A couple weeks ago in the “Home” section of the NY Times there was an interview with Peter Korn, a furniture maker, about his new book, “Why We Make Things and Why It Matters,” in which he “chronicles his life as a craftsman and founder of the non-profit Center for Furniture Craftsmanship in Rockport, ME.” In the book he makes a strong case for creative processes, esp. those with a physical or material connection. He says, “We have a certain innate biological character, and I think that working creatively with actual materials – bringing new and meaningful things into the world with your own skills – helps us inhabit our humanity to the fullest. The more virtual the world gets, the more that hunger sharpens.”
This is well said, I agree, and it certainly applies to quiltmaking!
From the beginning of my quiltmaking adventure, basting has been my least favorite aspect of the process – in fact I don’t enjoy it, though I don’t “hate” it. I actually enjoy everything else, even making and sewing on bindings, a process which many quiltmakers don’t like at all. Last week I laid out the 3 layers of Spring Sonata – backing, batting, and top – on my dining room table and attempted to baste them together:
(Click on all pictures for great enlargements!)
I don’t have an ideal setting for basting at home. In the early days I used to baste quilts on the floor but that is ergonomically a disaster and after several episodes of back pain I realized that basting should never be done on the floor! My cutting table isn’t big enough for large quilts, tho is ideal for smaller quilts, especially because it is higher than most tables and ergonomically excellent for tasks such as cutting, basting, ironing, etc. So, for the last few larger quilts I’ve made, I’ve done them on my dining room table. This is a hassle!!! I must cover the table with several cutting boards to protect the wood underneath. They don’t fit perfectly and must be slid around at times during the basting. A major problem, however, is that for a large quilt it is nearly impossible to get the backing stretched tightly and secured down so it doesn’t slip. Another issue is that the quilt has to be basted in sections because the table isn’t big enough. Clamps to hold the backing secure along the sides of the table risk damaging the wood of the table so can’t be used.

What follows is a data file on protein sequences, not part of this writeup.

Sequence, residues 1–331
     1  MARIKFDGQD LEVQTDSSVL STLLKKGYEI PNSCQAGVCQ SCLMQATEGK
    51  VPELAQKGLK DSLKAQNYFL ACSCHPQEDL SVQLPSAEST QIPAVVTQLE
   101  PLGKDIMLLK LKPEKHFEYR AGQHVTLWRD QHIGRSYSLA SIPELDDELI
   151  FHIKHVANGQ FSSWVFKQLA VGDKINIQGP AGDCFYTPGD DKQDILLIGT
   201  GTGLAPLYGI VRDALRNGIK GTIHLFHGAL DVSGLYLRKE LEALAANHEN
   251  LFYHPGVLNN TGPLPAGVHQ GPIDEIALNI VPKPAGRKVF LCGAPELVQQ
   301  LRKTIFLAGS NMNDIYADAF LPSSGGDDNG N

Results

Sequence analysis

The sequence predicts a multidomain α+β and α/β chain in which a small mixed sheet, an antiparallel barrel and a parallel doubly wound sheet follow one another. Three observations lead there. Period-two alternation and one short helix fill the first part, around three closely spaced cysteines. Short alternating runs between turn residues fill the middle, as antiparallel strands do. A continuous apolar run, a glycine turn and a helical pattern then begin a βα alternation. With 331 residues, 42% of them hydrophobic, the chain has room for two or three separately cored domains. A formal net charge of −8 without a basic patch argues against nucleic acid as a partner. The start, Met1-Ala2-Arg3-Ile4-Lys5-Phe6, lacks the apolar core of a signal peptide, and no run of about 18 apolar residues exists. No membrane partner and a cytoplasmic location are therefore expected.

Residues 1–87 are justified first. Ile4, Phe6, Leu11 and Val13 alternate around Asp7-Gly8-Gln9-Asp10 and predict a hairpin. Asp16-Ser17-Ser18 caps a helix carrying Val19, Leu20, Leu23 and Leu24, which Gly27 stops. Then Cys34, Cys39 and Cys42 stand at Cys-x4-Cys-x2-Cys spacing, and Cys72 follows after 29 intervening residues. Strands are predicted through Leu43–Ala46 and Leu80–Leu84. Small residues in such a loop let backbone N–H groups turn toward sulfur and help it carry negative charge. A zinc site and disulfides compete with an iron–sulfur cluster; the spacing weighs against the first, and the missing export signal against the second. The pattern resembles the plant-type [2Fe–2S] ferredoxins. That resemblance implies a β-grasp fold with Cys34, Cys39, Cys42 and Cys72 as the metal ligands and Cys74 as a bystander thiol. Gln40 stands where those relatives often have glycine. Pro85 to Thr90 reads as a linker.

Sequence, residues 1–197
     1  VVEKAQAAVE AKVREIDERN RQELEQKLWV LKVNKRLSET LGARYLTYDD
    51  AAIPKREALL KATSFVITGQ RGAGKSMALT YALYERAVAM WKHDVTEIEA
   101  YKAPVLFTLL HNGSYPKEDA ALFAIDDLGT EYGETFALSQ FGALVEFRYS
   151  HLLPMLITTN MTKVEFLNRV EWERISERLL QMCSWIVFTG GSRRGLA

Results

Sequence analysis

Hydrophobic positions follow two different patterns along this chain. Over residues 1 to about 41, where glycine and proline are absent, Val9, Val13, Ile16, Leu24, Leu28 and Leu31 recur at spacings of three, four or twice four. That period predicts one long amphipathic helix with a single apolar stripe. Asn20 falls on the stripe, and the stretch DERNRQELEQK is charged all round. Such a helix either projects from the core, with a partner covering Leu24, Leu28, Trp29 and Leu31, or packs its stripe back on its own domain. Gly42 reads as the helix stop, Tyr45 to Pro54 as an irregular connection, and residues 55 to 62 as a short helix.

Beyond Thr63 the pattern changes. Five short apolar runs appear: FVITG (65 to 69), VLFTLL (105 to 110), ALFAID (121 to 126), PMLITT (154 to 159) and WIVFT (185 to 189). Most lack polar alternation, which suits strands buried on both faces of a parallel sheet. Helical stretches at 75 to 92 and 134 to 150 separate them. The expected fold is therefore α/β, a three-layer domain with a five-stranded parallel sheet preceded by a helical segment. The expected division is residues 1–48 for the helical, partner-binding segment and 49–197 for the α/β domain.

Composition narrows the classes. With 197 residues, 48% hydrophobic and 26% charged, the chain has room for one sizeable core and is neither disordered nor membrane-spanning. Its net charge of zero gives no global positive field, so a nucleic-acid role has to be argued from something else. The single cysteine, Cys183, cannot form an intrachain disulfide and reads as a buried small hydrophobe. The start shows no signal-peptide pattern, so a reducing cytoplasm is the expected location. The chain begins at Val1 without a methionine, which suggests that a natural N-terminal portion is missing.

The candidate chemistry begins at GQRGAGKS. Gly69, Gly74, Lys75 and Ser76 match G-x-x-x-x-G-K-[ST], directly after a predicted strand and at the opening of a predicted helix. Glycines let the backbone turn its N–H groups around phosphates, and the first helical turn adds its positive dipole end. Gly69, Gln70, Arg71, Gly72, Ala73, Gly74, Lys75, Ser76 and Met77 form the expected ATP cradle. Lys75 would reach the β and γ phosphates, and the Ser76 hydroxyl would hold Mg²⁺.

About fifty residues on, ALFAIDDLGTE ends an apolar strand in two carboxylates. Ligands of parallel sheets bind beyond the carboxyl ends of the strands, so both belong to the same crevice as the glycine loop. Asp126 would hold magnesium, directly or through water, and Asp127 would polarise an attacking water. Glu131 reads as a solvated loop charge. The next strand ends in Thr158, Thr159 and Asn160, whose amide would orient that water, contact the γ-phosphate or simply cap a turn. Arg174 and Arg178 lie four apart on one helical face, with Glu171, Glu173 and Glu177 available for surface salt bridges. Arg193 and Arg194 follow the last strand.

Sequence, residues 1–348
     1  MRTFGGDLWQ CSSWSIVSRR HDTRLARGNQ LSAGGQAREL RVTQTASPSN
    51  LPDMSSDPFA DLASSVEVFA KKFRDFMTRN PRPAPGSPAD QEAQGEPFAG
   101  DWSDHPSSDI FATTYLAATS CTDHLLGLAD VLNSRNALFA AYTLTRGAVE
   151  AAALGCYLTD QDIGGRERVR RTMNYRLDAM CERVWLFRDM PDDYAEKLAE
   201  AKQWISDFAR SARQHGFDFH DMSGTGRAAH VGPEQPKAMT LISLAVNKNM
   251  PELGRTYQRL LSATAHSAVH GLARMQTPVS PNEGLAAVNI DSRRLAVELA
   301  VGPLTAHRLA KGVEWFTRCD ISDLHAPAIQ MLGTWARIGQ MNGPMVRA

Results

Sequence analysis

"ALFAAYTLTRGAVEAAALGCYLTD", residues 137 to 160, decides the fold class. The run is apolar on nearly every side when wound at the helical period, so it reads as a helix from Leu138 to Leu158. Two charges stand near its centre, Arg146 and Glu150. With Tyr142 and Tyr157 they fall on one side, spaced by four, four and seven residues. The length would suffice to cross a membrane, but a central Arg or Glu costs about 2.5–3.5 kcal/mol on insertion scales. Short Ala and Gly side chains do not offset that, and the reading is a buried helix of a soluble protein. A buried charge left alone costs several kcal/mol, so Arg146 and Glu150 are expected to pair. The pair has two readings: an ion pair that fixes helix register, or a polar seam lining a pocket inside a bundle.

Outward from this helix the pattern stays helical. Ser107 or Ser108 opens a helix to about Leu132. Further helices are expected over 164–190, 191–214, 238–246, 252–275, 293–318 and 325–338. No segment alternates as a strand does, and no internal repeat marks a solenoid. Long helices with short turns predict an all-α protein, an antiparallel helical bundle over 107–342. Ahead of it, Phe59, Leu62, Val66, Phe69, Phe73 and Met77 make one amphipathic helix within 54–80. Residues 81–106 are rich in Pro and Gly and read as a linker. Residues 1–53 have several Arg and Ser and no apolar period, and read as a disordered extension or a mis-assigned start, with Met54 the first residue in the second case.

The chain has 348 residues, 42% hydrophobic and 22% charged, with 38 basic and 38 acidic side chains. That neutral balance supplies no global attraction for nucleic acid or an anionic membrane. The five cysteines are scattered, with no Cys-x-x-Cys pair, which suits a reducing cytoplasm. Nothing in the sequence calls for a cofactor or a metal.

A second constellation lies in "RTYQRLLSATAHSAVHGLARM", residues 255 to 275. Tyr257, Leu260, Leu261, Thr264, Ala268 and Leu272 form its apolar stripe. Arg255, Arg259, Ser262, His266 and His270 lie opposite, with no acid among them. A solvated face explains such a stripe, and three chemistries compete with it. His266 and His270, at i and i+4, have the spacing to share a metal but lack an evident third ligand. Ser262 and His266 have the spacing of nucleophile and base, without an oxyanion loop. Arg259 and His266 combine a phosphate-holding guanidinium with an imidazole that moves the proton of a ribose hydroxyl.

I tried securing the backing with painter’s tape but the way my table is constructed made this not hold up well and the tape kept popping off. Somehow I managed to successfully baste 2 other large quilts in the past this way. This time I had concerns as to whether the back was flat enough as I soldiered on with the basting process intermittently over 2 days. I did periodically check accessible sections of the back and thought it was OK. However, when I was done and turned the whole thing over, it clearly was not OK. There even was one area where there was a clear fold in the fabric.
I made an immediate decision to take out all the basting (it took about 3 hours to get all the stitches out – a great task to do while watching playoff football!) and have it basted by long-arm quilter, Linda Bevins. She basted the only other quilt I have ever sent out for this, my Baltimore Album, and did a great job. Luckily she can do this for me by the end of the month, maybe sooner. Unless I invest in a special table for basting that can be put away when not in use or find a place outside the house to do this, I have a feeling I will in the future have large quilts basted by someone else. Seems like a wise investment!!